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S.D. beef company drops some targets in ‘pink slime’ defamation case

CHICAGO -- South Dakota meat processor Beef Products Inc has dropped more than half the defendants from a lawsuit over its allegations that TV network ABC and others defamed a meat filler critics have dubbed "pink slime."...

CHICAGO --  South Dakota meat processor Beef Products Inc has dropped more than half the defendants from a lawsuit over its allegations that TV network ABC and others defamed a meat filler critics have dubbed "pink slime."

The company, known as BPI, removed ABC's news division, reporter David Kerley, two former U.S. Department of Agriculture scientists and a former BPI employee from the lawsuit, according to documents signed by a South Dakota Circuit Court judge in Union County in far southeast South Dakota on Wednesday.

The ABC network, its former news anchor Diane Sawyer and reporter Jim Avila remain in the case.

Family-owned BPI, based in Dakota Dunes, S.D., sued in 2012 over news reports about its "lean finely textured beef" product, a meat filler made from fatty trimmings sprayed with ammonia to kill bacteria.

The lawsuit said they falsely told viewers the product was not safe, not healthy and not even meat, causing BPI to lose hundreds of millions of dollars in profits and roughly half its employees. A few of its four plants were also closed, although its main plant in South Sioux City, Neb., just across the border from company headquarters in Dakota Dunes, remains open and continues to produce the lean finely textured beef.

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The company has been owned since its beginning in 1971 by Eldon and Regina Roth and they still operate the company with their children, Jennifer and Nick. They still produce lean finely textured beef at the South Sioux City plant built in 1998 that was expanded in 2007.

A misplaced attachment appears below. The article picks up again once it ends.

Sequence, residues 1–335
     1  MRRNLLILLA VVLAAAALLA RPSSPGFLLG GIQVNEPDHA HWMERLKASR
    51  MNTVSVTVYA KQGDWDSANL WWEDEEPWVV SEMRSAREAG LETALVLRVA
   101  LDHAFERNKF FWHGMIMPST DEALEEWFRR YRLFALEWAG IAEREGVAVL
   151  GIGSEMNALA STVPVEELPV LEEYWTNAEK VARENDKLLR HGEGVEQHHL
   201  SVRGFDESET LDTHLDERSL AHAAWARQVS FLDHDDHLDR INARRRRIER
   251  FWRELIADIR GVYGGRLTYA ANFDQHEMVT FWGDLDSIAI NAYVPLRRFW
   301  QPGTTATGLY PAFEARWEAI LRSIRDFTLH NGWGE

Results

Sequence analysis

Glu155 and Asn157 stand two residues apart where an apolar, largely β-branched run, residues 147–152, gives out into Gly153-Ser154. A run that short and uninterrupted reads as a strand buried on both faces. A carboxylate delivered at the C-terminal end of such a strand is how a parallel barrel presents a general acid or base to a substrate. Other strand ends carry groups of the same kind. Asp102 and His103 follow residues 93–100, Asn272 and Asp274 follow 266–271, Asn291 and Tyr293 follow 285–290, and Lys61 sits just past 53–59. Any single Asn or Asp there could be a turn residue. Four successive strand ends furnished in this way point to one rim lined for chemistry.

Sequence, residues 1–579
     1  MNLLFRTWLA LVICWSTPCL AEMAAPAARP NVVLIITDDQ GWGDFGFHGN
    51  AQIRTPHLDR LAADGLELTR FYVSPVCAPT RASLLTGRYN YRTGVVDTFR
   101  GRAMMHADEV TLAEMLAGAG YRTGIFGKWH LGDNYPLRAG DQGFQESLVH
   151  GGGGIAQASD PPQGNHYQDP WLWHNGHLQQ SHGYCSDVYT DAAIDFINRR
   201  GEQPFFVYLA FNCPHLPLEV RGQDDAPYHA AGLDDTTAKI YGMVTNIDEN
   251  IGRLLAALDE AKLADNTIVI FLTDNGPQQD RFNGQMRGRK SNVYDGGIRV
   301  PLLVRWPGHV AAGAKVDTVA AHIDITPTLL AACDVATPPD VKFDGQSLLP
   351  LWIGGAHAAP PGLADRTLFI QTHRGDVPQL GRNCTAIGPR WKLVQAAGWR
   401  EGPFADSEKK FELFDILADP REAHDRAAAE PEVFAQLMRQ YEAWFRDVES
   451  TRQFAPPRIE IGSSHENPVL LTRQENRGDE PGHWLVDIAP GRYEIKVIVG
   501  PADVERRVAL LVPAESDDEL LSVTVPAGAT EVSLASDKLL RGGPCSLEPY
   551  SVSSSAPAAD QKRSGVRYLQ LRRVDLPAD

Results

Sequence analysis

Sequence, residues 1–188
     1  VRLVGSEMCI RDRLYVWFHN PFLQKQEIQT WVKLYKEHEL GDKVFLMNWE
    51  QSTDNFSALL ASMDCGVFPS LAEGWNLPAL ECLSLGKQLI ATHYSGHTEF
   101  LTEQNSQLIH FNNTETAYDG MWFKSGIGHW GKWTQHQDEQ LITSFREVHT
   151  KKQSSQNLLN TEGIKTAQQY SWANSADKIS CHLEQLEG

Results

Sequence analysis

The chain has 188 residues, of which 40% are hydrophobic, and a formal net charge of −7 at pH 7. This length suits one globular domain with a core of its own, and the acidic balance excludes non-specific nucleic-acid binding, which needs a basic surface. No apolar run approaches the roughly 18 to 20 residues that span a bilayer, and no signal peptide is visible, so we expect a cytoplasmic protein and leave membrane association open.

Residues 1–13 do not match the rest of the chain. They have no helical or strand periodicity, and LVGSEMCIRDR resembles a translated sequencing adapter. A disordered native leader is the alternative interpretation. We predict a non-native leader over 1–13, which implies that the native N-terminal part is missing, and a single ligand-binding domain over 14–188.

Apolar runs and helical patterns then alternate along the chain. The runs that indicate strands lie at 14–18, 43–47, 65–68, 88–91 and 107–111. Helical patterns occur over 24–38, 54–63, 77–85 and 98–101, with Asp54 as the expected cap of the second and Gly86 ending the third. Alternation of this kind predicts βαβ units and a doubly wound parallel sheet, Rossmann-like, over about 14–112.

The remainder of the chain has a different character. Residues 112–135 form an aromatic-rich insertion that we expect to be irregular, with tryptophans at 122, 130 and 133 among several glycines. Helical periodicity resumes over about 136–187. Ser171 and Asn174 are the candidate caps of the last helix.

Prior to the high media visibility over the product, the company was a major supplier of the beef product to groceries, fast food chains and school lunch programs.

The report on the product was also a flash point for beef producers in the U.S., upset with the report that the product might not be safe.

A trial on the lawsuit is scheduled to begin in June 2017. BPI is seeking $1.2 billion in damages.

Representatives of Walt Disney Co, which owns ABC, could not immediately be reached for comment. Lawyers for ABC, Sawyer, Avila and Kerley also could not immediately be reached.

ABC has previously said the lawsuit is without merit.

BPI voluntarily dropped defendants from the lawsuit "in an effort to streamline and concentrate its case," Dan Webb, a Winston & Strawn law firm co-chairman representing the company, said in a statement.

The statement called ABC, Sawyer and Avila "the primary targets of the litigation" and said dropping defendants was unrelated to the merits of the case. In particular, it said BPI dismissed ABC News because "ABC is the corporate entity that published the defamatory reports."

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BPI dropped litigation against Gerald Zirnstein, a former USDA microbiologist credited with using the term "pink slime" to describe the beef product. Former USDA employee Carl Custer and former BPI employee Kit Foshee also were dismissed from the lawsuit.

All appeared or were quoted in ABC's reports.

Bill Marler, a lawyer for Marler Clark who represented Zirnstein and Custer, said they were glad to be out of the lawsuit. "This whole case is an attack on the media's responsibility to have discussions about controversial topics," Marler said.

Foshee's attorney, Steven Sanford of Cadwell Sanford Deibert & Garry, said the dismissal "should have happened a couple years ago."

The case is Beef Products Inc et al v. American Broadcasting Cos et al, Circuit Court of South Dakota, Union County, No. 12-292.

Barry Amundson of Forum News Service contributed to this report.

Related Topics: AGRICULTURE
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